Now that we have some familiarity with basic financial ratios let's put them to work on the companies in Texas Roadhouse's peer group to see if we can draw any conclusions about the industry.
The chart below looks at the companies in Texas Roadhouse's industry across the ratios we've identified above. Additionally, I've highlighted more robust ratios in green and weaker ratios in red.
Let's walk down this chart. We'll start with Texas Roadhouse's liquidity situation. At the end of 2020, the company had a current ratio and a quick ratio of about 1. Indicating that total current assets offset current liabilities. Further, because the company's quick ratio was also near one, we can also say that they are just about able to settle current liabilities with their most liquid assets. This is a great signal, and it doesn't give us any cause for near-term liquidity concerns.
As we move down the chart, the next component we come to is leverage. Texas Roadhouse has a debt/equity ratio of .88, indicating that for every dollar of equity the company has, it carries 88 cents of debt. This level of debt is modest, and it is the lowest in its peer group. Further strengthening the argument for a strong financial position, is the fact that TXRH can pay its interest payments more than six times from its 2020 earnings before interest and taxes. Again, this is among the strongest in its peer group. These numbers give us no reason at all to think that the company is over-leveraged.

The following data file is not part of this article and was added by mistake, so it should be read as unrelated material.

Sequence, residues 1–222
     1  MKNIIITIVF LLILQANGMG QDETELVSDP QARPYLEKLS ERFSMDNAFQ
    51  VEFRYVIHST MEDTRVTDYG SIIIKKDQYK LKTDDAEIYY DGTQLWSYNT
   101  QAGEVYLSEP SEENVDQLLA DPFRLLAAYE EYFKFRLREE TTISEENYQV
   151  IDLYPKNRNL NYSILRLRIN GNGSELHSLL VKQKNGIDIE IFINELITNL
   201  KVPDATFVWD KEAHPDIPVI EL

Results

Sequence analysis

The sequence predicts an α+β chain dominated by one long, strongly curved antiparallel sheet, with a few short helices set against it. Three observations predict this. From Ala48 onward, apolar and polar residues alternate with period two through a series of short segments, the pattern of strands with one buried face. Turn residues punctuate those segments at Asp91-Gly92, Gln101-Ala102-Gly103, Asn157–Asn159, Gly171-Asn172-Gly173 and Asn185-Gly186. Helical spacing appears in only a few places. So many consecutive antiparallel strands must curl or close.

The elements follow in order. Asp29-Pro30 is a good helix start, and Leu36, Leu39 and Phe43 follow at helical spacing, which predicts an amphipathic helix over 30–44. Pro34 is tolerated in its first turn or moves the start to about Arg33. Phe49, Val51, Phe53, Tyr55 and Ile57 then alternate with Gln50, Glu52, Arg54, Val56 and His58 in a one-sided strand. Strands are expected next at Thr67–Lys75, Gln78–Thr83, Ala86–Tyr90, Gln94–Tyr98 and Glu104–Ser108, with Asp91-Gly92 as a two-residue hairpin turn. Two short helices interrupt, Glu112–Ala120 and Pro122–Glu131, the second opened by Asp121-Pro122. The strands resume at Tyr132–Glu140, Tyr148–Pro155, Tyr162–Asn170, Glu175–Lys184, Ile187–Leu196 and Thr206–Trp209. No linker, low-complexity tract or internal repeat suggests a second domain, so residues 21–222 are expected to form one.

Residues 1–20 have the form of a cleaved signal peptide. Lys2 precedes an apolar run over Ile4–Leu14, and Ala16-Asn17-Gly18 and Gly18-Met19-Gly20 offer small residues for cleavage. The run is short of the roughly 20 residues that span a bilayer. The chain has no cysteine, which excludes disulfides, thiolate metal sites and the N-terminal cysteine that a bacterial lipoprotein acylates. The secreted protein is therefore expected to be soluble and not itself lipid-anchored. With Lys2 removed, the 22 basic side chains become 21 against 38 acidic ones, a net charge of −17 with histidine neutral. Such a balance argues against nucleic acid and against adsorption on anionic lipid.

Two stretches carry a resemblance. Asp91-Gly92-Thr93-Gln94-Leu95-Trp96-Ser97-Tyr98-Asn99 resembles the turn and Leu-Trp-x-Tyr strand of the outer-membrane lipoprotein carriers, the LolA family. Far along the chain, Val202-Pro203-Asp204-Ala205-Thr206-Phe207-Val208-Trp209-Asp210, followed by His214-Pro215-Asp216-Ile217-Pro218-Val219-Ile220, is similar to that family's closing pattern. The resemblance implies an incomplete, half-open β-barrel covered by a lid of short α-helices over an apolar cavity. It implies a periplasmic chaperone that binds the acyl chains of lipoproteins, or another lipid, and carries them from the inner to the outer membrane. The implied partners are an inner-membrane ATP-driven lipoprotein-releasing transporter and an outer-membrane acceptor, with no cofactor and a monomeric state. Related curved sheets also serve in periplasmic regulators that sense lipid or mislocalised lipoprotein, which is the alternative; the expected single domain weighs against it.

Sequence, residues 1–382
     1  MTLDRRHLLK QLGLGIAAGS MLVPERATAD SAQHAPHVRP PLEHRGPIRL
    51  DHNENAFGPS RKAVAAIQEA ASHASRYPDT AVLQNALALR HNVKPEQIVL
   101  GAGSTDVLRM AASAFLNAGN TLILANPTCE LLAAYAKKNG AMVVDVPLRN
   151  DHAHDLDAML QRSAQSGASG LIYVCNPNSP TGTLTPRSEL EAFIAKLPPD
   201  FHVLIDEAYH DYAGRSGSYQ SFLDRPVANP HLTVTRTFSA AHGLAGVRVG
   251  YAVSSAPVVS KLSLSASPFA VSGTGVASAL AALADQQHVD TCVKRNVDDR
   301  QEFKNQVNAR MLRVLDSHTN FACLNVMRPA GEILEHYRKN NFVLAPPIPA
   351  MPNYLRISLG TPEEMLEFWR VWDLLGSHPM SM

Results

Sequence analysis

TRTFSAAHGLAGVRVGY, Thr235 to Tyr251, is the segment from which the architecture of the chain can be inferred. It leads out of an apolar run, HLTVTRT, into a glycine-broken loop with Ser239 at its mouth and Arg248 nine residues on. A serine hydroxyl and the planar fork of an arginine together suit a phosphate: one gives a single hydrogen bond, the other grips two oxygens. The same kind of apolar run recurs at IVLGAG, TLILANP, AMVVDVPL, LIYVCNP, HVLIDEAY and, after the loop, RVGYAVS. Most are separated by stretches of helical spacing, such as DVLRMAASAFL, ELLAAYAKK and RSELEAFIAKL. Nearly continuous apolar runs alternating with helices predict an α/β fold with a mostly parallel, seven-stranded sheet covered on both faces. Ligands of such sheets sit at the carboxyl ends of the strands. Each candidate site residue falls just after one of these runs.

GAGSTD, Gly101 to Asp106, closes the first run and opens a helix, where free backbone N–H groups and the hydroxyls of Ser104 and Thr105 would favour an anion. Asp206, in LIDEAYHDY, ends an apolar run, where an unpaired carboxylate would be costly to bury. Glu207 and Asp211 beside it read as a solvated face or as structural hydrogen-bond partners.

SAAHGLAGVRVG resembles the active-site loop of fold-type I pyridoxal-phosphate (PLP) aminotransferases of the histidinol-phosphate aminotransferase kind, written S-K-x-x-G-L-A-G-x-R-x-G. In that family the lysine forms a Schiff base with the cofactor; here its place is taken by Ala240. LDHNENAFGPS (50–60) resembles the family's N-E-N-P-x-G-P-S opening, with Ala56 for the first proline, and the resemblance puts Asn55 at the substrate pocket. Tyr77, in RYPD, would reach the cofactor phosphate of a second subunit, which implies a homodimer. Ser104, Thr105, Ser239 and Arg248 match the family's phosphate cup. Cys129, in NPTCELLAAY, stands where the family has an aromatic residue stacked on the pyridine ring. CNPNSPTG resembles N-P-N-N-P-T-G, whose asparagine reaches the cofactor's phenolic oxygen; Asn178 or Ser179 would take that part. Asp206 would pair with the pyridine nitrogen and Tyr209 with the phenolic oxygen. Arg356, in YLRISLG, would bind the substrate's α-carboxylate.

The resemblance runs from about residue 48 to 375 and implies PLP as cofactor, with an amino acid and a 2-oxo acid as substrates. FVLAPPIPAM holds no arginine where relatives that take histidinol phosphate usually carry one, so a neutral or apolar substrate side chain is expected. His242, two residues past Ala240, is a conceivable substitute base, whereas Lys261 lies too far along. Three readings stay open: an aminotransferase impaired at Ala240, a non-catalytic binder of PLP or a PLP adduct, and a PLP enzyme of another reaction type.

Continuing on to efficiency, Texas Roadhouse does a great job of translating assets to sales. During the year 2020, which was dominated by Covid-19, the company managed to convert every dollar of assets into revenue. It also managed to turn its inventory over nearly 100 times, about every 3.5 days. These are both excellent numbers and give us confidence that management are good stewards of investor capital.
Finally, if we look at profitability, we see that Texas Roadhouse returned .8% on assets and generated an EBIT margin of 1.1% during 2020. These are the weakest numbers of the entire set, and while it's good that they were positive, they were just middle of the pack compared to the rest of the industry.
In aggregate, compared to its peers, Texas Roadhouse looks strong.